This experimental investigation was conducted in horizontal and inclined acrylic pipe of 30.6-mm ID. The pressure gradients were determined in the dispersed flow regions with flow conditions of 0.8 – 1.6 m/s mixture velocities and 0.05 – 0.9 input oil volume fractions. The investigation showed that the addition of the 40 ppm drag-reducing polymer substantially decreased the frictional pressure gradients with drag reductions at the upward inclinations higher than those at downward inclination. The upward inclinations also increased the drag reductions at water-continuous dispersed flow regions while the reverse was the case at downward inclination in the same flow regions.


Oil-water flows are often encountered in chemical industries, and even more so in petroleum industries because of the simultaneous production of oil and water from aging oil wells in recent years. Free water has now substantially increased due to the recent focus on horizontal and near horizontal wells which are accompanied with high water cut in old wells or from the water injected for reservoir pressure maintenance. High watercut wells remain economical to operate even with water cuts as high as 0.9. Therefore, long-distance transportation of the produced oil-water mixtures in pipelines from the production sites to processing sites becomes inevitable. This necessitates the consideration of the water phase in the determination pressure gradient, which is a critical component of optimisation for pipeline operations, especially for oil fields operating at high water cuts and low wellhead pressures.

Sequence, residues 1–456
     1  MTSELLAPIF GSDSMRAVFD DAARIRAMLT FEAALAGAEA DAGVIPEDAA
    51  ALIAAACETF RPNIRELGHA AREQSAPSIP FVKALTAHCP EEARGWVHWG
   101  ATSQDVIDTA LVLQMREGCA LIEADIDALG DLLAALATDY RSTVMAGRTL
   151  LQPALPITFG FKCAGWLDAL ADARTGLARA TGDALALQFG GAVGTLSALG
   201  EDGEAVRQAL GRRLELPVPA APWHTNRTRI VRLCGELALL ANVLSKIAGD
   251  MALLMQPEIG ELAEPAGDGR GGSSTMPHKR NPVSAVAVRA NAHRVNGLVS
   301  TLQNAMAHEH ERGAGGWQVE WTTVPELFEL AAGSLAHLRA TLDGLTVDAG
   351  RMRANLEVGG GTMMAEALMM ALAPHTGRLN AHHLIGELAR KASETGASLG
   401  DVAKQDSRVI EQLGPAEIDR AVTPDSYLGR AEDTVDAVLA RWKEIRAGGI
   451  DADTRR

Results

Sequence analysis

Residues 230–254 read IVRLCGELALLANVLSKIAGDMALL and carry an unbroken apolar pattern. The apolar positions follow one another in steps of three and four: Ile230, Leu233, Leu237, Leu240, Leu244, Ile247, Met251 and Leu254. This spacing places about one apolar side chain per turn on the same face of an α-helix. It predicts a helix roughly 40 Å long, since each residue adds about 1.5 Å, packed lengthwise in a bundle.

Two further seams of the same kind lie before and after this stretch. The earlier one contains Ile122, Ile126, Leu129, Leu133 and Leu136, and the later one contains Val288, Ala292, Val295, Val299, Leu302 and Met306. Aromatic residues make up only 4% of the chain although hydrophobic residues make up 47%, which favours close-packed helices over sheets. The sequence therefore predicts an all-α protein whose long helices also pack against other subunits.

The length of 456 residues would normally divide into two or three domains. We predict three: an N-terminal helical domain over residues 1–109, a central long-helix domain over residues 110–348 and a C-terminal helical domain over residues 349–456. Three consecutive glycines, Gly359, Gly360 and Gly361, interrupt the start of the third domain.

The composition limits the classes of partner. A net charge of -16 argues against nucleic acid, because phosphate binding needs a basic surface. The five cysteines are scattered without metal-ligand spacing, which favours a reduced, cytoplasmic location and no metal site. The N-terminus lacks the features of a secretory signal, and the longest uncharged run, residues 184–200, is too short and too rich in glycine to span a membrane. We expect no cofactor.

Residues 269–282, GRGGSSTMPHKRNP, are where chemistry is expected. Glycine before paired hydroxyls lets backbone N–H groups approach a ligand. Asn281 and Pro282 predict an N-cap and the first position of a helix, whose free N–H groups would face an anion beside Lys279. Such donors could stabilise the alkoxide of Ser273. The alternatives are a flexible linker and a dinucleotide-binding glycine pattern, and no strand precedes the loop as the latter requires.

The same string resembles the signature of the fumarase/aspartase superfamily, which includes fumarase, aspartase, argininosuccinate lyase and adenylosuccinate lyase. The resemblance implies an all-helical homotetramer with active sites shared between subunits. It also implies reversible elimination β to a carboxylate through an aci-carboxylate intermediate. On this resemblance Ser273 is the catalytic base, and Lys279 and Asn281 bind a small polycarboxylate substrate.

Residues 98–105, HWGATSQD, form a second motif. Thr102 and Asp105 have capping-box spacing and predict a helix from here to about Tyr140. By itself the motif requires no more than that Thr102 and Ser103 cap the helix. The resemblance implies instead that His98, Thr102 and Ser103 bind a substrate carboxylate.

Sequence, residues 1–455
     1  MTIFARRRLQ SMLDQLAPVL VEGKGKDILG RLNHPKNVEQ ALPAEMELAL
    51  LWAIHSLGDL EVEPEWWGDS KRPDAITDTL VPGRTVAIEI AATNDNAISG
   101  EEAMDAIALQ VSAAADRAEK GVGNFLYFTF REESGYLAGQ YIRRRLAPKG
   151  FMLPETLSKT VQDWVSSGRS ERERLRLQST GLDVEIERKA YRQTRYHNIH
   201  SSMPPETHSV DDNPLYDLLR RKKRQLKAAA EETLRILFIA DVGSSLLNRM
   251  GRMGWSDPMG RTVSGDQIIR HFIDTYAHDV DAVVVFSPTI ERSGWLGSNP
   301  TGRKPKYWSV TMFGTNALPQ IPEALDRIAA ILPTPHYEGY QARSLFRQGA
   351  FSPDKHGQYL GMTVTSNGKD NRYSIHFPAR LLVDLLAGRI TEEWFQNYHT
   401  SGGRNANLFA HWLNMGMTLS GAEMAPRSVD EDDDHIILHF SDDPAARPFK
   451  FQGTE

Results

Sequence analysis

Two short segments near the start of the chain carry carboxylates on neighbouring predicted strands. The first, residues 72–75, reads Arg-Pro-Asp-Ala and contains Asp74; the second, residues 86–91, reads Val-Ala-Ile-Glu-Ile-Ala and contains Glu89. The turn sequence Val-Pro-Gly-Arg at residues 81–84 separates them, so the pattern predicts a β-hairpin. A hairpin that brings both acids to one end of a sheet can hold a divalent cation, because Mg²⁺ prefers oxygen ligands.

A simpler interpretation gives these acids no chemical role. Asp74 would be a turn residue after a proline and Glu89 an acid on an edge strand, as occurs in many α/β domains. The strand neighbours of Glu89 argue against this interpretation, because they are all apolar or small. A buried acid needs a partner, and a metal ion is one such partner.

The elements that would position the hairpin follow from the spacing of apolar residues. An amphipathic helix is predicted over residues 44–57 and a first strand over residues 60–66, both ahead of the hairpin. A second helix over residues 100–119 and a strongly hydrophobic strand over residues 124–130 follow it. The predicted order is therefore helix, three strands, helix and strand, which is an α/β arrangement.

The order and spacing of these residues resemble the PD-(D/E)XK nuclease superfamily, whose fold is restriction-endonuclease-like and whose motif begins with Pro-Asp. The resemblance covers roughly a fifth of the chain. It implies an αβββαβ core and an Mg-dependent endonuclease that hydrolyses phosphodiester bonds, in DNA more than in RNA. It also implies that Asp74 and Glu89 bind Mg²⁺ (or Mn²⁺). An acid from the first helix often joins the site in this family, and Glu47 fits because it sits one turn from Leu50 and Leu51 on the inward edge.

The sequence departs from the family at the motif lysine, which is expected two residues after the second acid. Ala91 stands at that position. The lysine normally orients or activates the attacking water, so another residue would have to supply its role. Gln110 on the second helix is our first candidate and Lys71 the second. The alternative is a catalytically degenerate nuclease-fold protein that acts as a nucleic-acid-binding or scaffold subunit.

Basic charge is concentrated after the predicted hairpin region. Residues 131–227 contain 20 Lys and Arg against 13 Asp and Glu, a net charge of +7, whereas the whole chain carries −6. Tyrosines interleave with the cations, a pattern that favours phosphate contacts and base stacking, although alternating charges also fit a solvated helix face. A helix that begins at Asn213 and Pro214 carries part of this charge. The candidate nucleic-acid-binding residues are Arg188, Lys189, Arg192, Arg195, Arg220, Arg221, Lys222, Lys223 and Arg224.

The study of oil-water flows with respect to pressure gradients actually commenced in the 1950s (1, 2) after discovering that pumping requirements during viscous oil transportation could be reduced by introducing water in the pipelines. Although this field of study subsequently received very little interest for some years, the simultaneous production of oil and water from many currently operating oil fields has revived the interest of researchers in this area. The behaviour of pressure gradients in oil-water flows from reported studies has shown to vary considerably due to the dependence of the pressure gradients on many factors which include oil properties, pipe geometry, pipe orientation, and oil-water flow patterns. (3) observed that the properties of pipe wall such as roughness and wettability can also affect the pressure gradients. According to the study of dispersed oil-water flow by (4), increasing the fraction of the dispersed phase increases the relative viscosity of the continuous phase. This results to the increase in the pressure gradient towards the phase inversion points for an oil continuous dispersion. Once past the phase inversion point, the pressure gradient decreases to that of single-phase water flow.

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